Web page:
Results and discussion

Molecular identification

ITS analyses including 40 taxa inferred from Maximum Likehood (ML) confirmed that all strains from Patagonia clustered within P. ostreatus species (94% Bootstrap value), while the strains isolated from center and NE Argentina belong to P. pulmonarius (89 %) (Figure 2). The latter has concordance with the tropical and subtropical distribution of that taxon as reported by Lechner et al. (2004) and Menolli et al. (2014).

Figure 2. Phylogenetic tree of Pleurotus species based on rDNA-ITS sequences using Maximum Likehood analysis. Numbers on branches indicate the bootstrap values obtained from 1000 replications. Branches supported by bootstrap value greater than 50% are shown. CH, Chubut Province; Nqn, Neuquen Province; MI, Misiones Province; BA, Buenos Aires Province. Sequences in bold were generated in this study. 

The description of Patagonian species based on macro-and microscopical features match with P. pulmonarius, but interespecific mating tests showed full compatibility with P. ostreatus (Lechner et al., 2002). Here we confirm the identity of the Patagonian strains as Pleurotus ostreatus.

According to Vilgalys (1997) the complex “Pleurotus ostreatus” groups P. ostreatus, P. pulmonarius, P. eryngii, P. abieticola, and P. populinus, which share a “pleurotoid” stature: more or less shelflike and radically eccentrically stipitate (Albertó et al., 2002). In our phylogenetic reconstruction (Figure 2) we agree with Albertó et al. (2002). Pleurotus phylogeny is currently based mainly upon ITS; this rDNA region solves the species relationships within the group but the branching pattern within P. ostreatus remains poorly determined. Liu et al. (2012) demonstrated that RPB2 gene to be superior to ITS and EF1α for distinguishing Chinese P. ostreatus. For a complete understanding of the genetic diversity of this species, including more Patagonian strains, future studies must include a multilocus approach using more variable gene regions and/or genotyping in order to assess population diversity.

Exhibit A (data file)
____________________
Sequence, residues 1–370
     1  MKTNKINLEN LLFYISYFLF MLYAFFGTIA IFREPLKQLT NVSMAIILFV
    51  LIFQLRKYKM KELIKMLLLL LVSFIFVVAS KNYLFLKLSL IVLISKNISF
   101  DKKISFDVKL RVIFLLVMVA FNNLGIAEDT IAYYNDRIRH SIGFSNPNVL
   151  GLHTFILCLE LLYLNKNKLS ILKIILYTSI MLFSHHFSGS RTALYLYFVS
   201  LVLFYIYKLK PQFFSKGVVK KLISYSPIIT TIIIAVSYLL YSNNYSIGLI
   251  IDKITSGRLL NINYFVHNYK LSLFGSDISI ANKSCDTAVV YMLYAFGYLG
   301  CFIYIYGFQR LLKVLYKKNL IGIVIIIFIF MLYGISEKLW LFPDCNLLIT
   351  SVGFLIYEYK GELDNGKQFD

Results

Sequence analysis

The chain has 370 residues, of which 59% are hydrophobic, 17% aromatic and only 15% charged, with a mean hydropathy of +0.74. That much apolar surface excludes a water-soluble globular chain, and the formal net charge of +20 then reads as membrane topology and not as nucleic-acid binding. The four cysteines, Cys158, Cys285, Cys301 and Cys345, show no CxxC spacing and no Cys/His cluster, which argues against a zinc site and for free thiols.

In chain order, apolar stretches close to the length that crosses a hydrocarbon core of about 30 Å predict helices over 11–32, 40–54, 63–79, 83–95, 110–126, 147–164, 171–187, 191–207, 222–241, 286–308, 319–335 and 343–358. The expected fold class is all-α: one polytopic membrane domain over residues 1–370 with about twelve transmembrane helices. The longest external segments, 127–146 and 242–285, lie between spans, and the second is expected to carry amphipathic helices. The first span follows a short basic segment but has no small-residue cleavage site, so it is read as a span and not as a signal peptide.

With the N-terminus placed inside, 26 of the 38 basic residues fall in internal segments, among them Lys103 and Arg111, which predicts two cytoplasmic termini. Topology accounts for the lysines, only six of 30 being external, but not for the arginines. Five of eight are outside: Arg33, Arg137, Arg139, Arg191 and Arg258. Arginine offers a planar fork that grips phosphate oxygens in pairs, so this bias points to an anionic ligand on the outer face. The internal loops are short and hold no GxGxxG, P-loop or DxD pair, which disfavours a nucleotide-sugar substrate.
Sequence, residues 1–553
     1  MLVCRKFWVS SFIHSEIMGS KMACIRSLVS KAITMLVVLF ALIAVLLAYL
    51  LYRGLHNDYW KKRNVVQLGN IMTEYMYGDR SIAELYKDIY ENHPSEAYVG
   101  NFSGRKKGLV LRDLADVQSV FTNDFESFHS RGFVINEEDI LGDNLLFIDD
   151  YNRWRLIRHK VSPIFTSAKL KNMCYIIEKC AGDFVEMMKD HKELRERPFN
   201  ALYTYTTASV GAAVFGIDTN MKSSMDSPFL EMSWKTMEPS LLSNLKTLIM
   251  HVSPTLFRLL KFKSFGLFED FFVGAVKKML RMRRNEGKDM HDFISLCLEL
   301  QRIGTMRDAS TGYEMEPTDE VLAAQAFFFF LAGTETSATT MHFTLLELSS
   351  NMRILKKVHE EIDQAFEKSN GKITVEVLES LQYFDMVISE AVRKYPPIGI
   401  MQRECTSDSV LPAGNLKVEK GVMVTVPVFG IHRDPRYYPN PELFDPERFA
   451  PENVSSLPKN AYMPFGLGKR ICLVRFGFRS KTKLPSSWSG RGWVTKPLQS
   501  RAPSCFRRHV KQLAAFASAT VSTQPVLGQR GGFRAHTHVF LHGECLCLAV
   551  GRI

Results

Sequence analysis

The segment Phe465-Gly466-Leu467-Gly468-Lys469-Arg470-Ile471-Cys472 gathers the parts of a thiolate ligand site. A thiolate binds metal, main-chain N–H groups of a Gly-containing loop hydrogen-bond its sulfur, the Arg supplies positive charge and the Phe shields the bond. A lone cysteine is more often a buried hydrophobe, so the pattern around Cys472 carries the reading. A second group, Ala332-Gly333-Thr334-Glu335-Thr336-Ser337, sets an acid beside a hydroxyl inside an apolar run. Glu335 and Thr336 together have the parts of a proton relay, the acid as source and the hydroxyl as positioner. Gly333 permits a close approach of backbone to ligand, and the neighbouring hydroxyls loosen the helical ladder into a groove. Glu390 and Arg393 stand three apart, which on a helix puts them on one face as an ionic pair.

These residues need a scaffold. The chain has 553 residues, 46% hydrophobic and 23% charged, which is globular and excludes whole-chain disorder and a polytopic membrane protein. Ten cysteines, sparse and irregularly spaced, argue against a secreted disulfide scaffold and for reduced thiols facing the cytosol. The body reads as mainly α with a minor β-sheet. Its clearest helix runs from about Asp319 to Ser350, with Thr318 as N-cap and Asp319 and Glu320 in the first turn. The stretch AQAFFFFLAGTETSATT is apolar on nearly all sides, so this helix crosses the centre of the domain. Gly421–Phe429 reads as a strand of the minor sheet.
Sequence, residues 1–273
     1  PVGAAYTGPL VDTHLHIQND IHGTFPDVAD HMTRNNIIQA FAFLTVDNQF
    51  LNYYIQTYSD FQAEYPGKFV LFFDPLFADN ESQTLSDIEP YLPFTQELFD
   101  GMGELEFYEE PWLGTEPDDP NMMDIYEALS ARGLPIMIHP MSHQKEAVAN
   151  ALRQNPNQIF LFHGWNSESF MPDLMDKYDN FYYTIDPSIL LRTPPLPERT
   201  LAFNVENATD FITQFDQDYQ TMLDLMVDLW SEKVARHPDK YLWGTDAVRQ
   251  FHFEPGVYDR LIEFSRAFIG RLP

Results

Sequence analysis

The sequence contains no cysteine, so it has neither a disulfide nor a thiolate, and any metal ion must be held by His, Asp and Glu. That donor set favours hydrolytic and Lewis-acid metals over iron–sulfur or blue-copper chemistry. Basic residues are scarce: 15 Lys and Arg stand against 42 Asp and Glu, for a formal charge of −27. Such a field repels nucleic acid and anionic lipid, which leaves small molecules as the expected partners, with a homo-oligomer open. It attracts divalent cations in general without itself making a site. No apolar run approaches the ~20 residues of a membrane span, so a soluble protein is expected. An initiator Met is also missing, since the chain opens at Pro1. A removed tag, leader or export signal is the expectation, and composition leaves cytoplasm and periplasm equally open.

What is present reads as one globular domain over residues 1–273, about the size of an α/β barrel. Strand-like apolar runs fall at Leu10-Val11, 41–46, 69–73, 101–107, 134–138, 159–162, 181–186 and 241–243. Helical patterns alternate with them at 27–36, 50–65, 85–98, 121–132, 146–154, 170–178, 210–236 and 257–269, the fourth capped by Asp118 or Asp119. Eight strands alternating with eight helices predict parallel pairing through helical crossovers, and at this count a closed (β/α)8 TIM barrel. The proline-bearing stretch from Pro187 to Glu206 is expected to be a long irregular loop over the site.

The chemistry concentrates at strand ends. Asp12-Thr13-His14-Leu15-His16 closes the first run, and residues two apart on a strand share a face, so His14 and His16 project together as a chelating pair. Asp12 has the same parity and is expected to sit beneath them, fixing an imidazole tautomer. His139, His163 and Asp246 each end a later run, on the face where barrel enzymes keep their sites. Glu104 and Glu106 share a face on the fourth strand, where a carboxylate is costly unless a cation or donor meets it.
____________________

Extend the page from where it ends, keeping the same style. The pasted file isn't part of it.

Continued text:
It is a rarity that both species, P. ostreatus and P. pulmonarius, are found associated with conifers like Araucaria araucana and Araucaria angustifolia, respectively. The nature of the substrate points out towards the use of these strains for futures assays to evaluate growth and production of Pleurotus in resinous forest residues.

Laccase activity assays with Pleurotus strains

Strains from Neuquén presented the highest laccase activities with values close to 60 EU.L-1 for CIEFAPcc 104, 617, 621 and 622 (Figure 3). Strains of P. ostreatus 622 and 616, and strain of P. pulmonarius 263 and 4281 showed the highest retention of laccase activity at 10 ºC, with 70 %, 69 %, 58 % and 60 %, respectively (Figure 4), in comparison with their activity at 30 °C. Strain 623 presented the highest thermal stability after treatment at 80 °C (Figure 5).

Figure 3. Laccase activity of the strains at 30 °C. Different numbers correspond to different Pleurotus ostreatus strains. Colors indicate the geographical origin of each strain. Means with the same letter are not significantly different (p>0.05). 

Figure 4. Percent retention of laccase activity at 10 °C. Different numbers correspond to different Pleurotus ostreatus strains. Colors indicate the geographical origin of each strain. Means with the same letter are not significantly different (p>0.05). 

Figure 5. Thermostability of laccase activity at 30 °C, after heat treatment. Different numbers correspond to different Pleurotus ostreatus strains. Colors indicate the geographical origin of each strain.